Yes, I am really amusing myself here for picking a ‘sportsball’ book where balls don’t really feature in the sports of focus. To make up for that though—as I discovered—nearly everything else that you could think of has been used as a weapon in an Indonesian martial art at some point. This includes knives, more knives, swords, shields, sticks, more knives, whips, chains, and teeth.
And the knives? More knives than spam in Monty Python. Some of these people folks really love their knives.
The Martial Arts of Indonesia comes in with the premise that in order to understand the arts practised there, you need to have at least a rudimentary understanding of both Indonesian history and culture. And this is where Donn F. Draeger starts his first chapter. Indonesia is an archipelago with a long maritime history that has come in contact with people from many different diasporas and cultures. While this gave many different points of influence, there are three main ones: the Chinese, from as far back as the Han Dynasty; India, whose Hindu influences can still be strongly seen today; and Islam, from their many conflicts with the Hindus and other religious groups.
Then on top of that, we have the oppression from the Dutch. Which certainly fired the flames.
The name of the game in Indonesian-style martial arts seems to be diversity and adaptability. There’s very little misplaced purity here—if it works and it’s useful, it was adopted.
This leads us to three main forms: Kuanto, heavily influenced by the Chinese; Pencak Silat, the form that has seen the most nurturing from the government since independence; and the less organized and formalized endemic forms that still exist across the islands.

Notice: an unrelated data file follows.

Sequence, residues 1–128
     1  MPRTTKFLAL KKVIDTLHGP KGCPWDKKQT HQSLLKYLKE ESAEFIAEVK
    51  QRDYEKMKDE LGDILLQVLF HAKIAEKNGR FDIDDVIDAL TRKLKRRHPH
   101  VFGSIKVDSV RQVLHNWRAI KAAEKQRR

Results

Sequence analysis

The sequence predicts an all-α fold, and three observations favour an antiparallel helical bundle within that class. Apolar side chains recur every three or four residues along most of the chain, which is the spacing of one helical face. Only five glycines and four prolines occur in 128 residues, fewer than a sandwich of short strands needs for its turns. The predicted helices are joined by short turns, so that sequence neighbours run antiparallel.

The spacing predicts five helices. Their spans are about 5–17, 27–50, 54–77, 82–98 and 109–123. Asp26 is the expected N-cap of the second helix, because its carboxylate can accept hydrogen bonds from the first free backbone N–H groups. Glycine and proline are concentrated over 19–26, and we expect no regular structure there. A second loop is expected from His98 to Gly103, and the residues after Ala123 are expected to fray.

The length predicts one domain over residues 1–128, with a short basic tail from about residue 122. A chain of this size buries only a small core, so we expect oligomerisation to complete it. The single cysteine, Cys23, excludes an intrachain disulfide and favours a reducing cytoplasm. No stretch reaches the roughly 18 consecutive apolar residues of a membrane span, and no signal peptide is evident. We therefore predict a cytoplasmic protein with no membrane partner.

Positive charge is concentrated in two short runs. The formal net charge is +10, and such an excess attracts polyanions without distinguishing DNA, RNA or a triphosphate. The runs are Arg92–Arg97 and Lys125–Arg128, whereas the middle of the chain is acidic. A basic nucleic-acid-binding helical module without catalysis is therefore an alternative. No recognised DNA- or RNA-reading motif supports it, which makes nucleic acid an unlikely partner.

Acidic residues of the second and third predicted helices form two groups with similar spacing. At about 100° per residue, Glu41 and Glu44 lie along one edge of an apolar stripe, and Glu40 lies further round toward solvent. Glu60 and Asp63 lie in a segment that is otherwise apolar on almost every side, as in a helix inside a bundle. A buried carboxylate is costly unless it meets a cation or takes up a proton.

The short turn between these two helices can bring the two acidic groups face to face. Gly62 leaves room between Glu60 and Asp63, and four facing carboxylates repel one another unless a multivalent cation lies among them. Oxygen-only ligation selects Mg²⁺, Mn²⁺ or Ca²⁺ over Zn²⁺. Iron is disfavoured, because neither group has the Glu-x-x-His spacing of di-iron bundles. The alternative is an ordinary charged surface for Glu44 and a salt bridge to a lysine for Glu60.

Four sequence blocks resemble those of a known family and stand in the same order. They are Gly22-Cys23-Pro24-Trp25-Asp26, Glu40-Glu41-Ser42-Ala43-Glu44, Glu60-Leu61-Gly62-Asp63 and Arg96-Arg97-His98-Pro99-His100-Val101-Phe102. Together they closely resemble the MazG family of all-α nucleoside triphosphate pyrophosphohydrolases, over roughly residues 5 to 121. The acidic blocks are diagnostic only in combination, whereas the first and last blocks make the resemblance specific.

The rest of the book is broken up by geography, where each section details the martial arts traditions found in each region. Of all the forms, the Pencak Silat styles from both Bali and Java probably receive the most attention—especially Cimande—as they have been the most studied. My personal favourite though is the Minangkabau, who are just so fascinating in general but have had a disproportionate influence on Pencak Silat compared to other groups. However, a good deal of cultural and historical context is given for most systems, as well as a wealth of photos displaying the techniques.
And the knives. So many illustrations of knives. Some of them have blades that make you sit up and go ‘For real? That is NOT from a video game? How?’
I am slightly disappointed though that I ordered this as an ebook. Paper copies had been hard to find, but it may have been worth it to hold out. A lot of the photos and illustrations don’t look half as good on an eInk screen as they would in print. Maybe I’ll have to buy a second copy.
While a little academic and dry in tone, The Martial Arts of Indonesia is one of the most expansive books I have read on the subject. I don’t think I’m going to find anything more detailed unless I start looking for an anthropology thesis or trying to step out of the English language sphere (orf, no)
I might be biased, as someone who is attempting to practice Pencak Silat and all, but this was a great read for me. I’m not sure who else it might appeal to though—any fans of The Raid films perhaps?
For bingo, again, this is Sportsball. And I think I have myself a diagonal there
At the time of this book’s publication, there were 157 recorded styles of Pencak Silat. There is apparently only one man who teaches mine in this country. I am going to try cold calling him this week…)